Setting timeout values with WinJS.xhr or HttpClient(HTML)

[ This article is for Windows 8.x and Windows Phone 8.x developers writing Windows Runtime apps. If you’re developing for Windows 10, see the latest documentation ]

When you use XMLHttpRequest, you can set time-out values directly, but you cannot do this when you use Windows.Web.Http.HttpClient or WinJS.xhr. However, there is a way to set time-outs on WinJS.Promise objects. By calling WinJS.Promise.timeout, you ensure that the request is canceled if it has not completed within the specified time.

In the code from the XhrExample project that is created in How to download a file with WinJS.xhr, wrap the WinJS.xhr function in a call to WinJS.Promise.timeout.

Note that when you use WinJS.Promise.timeout in this way, you need to use then, which returns a Promise when there is an error, rather than done, which does not.

var xhrDiv = document.getElementById("xhrReport");

WinJS.Promise.timeout(1500, WinJS.xhr({ url: "http://www.microsoft.com" })
    .then(function complete(result) {
        xhrDiv.innerText = "Downloaded the page";
        xhrDiv.style.backgroundColor = "#00FF00";
        },
        function error(error){
            // The error thrown when xhr is canceled has a message property, not a statusText property.
            if (error.statusText)
                xhrDiv.innerHTML = "Got error: " + error.statusText;
            else
                xhrDiv.innerHTML = "Got error: " + error.message;
            xhrDiv.style.color = "#000000";
            xhrDiv.style.backgroundColor = "#FF0000";
        },
        function progress(result) {
            xhrDiv.innerText = "Ready state is " + result.readyState;
            xhrDiv.style.color = "#000000";
            xhrDiv.style.backgroundColor = "#0000FF";
    }));

When you run this code, the web request should complete without errors, and you should see the DIV turn green. To see what happens when the request is canceled, shorten the timeout period to 200 milliseconds:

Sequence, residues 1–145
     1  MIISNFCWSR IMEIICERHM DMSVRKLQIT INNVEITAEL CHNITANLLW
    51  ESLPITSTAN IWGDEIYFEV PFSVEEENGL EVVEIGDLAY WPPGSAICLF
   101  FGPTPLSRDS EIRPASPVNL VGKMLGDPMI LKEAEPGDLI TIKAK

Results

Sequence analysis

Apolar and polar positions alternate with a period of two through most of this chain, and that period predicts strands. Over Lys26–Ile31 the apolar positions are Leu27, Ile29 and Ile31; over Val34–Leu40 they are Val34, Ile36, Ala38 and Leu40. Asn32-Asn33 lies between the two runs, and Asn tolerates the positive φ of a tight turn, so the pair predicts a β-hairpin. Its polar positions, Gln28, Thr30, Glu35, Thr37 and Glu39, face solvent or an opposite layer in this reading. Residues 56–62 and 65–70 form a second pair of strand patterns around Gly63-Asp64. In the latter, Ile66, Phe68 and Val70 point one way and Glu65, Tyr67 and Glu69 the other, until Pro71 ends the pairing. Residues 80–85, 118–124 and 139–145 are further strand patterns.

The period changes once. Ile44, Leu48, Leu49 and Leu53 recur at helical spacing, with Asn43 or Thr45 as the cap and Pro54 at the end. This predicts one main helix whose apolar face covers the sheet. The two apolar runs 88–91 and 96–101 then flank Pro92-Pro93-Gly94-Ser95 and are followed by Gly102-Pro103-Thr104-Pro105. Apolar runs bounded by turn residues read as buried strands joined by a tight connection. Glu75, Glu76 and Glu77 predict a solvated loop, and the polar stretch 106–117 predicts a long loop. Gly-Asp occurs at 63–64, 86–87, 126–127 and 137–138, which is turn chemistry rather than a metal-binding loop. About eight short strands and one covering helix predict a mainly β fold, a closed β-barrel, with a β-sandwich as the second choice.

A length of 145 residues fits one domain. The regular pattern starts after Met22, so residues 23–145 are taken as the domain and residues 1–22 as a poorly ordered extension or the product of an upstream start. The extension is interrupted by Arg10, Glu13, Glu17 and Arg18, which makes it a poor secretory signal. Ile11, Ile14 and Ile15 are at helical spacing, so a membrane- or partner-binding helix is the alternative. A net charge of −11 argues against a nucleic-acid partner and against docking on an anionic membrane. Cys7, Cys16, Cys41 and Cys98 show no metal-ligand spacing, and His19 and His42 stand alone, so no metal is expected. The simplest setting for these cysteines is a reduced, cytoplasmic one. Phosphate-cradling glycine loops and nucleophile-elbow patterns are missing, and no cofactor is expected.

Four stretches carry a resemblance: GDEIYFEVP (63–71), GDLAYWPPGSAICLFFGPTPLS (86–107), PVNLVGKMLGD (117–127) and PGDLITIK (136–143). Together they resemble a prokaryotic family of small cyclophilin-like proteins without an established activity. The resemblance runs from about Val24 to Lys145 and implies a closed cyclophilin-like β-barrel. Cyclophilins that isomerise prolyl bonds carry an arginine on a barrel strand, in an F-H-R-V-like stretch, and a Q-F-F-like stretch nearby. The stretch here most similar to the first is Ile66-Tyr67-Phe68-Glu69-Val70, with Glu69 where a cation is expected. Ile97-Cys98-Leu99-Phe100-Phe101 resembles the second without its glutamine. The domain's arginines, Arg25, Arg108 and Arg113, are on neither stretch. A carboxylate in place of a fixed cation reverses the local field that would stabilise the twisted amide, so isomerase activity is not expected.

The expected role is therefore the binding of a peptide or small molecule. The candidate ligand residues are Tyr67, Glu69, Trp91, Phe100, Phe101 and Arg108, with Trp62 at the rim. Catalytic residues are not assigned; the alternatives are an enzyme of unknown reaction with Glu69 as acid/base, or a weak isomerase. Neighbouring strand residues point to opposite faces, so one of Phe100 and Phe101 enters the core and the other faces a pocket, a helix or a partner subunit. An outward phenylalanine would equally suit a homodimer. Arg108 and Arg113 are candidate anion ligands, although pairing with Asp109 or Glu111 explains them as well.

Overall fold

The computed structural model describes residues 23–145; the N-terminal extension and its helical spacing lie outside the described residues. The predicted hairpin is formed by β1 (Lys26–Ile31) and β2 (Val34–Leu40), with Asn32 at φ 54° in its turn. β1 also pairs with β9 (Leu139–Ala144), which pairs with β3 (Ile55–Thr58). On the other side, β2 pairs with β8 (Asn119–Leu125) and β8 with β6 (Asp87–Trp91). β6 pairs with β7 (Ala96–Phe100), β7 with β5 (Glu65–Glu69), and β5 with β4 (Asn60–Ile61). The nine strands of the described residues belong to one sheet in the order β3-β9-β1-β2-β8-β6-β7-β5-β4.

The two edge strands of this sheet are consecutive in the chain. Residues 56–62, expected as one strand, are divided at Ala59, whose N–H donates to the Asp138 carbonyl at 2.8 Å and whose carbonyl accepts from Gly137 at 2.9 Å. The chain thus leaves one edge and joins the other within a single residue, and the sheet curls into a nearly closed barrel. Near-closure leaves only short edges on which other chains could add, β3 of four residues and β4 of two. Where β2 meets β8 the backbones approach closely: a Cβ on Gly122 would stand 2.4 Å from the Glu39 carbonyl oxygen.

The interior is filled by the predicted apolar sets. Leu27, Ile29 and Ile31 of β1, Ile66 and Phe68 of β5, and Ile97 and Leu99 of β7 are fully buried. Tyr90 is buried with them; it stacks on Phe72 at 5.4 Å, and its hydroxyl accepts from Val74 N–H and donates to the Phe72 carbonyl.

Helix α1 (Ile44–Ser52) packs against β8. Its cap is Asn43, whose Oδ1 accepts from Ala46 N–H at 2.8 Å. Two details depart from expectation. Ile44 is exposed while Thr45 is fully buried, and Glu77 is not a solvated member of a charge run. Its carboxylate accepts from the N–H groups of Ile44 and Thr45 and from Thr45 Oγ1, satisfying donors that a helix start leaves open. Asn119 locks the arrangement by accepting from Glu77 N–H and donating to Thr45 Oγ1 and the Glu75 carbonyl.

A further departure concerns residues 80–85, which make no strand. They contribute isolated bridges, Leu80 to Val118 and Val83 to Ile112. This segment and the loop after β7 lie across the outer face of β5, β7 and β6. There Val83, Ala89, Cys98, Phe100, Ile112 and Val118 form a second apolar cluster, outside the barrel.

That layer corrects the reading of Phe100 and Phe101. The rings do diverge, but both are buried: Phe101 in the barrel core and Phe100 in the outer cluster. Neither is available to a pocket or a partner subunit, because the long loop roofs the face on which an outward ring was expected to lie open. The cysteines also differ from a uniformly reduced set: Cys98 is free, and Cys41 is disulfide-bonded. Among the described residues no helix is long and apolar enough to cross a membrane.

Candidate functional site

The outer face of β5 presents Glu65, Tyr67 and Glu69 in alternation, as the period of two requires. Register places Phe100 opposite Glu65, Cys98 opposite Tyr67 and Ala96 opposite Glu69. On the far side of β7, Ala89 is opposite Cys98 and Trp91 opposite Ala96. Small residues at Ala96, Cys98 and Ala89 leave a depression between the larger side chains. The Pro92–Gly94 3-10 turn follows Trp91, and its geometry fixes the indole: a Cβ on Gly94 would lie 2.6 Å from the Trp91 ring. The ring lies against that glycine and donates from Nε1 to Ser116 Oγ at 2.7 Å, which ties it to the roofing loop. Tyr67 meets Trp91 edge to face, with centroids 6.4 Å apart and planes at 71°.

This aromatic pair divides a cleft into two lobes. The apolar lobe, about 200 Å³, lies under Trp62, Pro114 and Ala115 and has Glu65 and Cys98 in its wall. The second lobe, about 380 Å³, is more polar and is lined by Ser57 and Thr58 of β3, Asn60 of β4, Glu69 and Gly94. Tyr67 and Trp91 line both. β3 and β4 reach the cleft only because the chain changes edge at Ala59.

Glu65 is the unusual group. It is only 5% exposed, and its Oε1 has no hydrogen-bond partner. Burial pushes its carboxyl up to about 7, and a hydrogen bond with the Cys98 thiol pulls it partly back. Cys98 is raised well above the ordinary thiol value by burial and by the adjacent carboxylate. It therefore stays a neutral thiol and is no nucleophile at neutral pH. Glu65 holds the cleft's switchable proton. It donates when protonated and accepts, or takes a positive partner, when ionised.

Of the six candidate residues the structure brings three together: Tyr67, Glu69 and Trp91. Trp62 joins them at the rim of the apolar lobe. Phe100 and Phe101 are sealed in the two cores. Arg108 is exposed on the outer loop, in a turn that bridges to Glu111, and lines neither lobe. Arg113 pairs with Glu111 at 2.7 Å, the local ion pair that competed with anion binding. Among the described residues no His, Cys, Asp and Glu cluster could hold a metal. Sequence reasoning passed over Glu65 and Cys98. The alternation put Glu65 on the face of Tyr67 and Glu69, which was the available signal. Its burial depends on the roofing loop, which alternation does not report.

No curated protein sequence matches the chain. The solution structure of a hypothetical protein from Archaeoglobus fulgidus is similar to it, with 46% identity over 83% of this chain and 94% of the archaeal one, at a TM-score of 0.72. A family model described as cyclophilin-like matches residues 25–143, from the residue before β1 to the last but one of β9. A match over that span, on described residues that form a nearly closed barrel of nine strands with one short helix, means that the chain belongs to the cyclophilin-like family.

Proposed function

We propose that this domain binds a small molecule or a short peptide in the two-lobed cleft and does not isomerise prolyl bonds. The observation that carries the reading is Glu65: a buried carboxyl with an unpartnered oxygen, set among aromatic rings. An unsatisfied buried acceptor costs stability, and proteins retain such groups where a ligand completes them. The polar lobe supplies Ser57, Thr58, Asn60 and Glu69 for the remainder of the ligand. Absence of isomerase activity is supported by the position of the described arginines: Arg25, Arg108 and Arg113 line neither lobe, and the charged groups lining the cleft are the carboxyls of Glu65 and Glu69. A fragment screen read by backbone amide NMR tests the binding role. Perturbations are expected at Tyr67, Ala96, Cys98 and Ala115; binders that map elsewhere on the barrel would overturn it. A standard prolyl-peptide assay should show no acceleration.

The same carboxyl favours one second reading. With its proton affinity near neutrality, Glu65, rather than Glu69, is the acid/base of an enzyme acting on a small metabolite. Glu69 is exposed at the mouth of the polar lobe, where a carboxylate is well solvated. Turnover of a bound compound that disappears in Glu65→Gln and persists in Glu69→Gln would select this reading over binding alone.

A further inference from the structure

var xhrDiv = document.getElementById("xhrReport");

WinJS.Promise.timeout(200, WinJS.xhr({ url: "http://www.microsoft.com" })
    .then(function complete(result) {
        xhrDiv.innerText = "Downloaded the page";
        xhrDiv.style.backgroundColor = "#00FF00";
        },
        function error(error){
            // The error thrown when xhr is canceled has a message property, not a statusText property.
            if (error.statusText)
                xhrDiv.innerHTML = "Got error: " + error.statusText;
            else
                xhrDiv.innerHTML = "Got error: " + error.message;
            xhrDiv.style.color = "#000000";
            xhrDiv.style.backgroundColor = "#FF0000";
        }));

In this case the web request should be canceled. The DIV should turn red, and you should see the message "Got error: Canceled".

Using the code from the XhrExample project , we can also show how to set a timeout when using Windows.Web.Http.HttpClient.

var xhrDiv = document.getElementById("xhrReport");

var hc = new Windows.Web.Http.HttpClient();
var uri = new Windows.Foundation.Uri("http://www.microsoft.com");
WinJS.Promise.timeout(1500, hc.getAsync(uri)
    .then(function complete(result) {
        xhrDiv.innerText = "Downloaded the page:";
        xhrDiv.style.backgroundColor = "#009900"; // Set to dark green.
        result.content.readAsStringAsync().then(function complete(str) {
            xhrDiv.innerText += "Content:" + str;
            xhrDiv.style.backgroundColor = "#00FF00"; // Set to light green.
        })
    },
        function error(error) {
            // The error thrown when xhr is canceled has a message property, not a statusText property.
            if (error.statusText)
                xhrDiv.innerHTML = "Got error: " + error.statusText;
            else
                xhrDiv.innerHTML = "Got error: " + error.message;
            xhrDiv.style.color = "#000000";
            xhrDiv.style.backgroundColor = "#FF0000";
        },
        function progress(result) {
            xhrDiv.innerText = "Ready state is " + result.readyState;
            xhrDiv.style.color = "#000000";
            xhrDiv.style.backgroundColor = "#0000FF";
        }));

Other resources

Connecting to web services

How to download a file with WinJS xhr

How to upload binary data with WinJS.xhr

Reference

Windows.Foundation.Uri

Windows.Web.Http

Windows.Web.Http.HttpClient

WinJS.xhr

XMLHttpRequest

XMLHttpRequest enhancements

Samples

HttpClient Sample

Integrating content and controls from web services sample

Using a Blob to save and load content sample

Web authentication sample

XHR, handling navigation errors, and URL schemes sample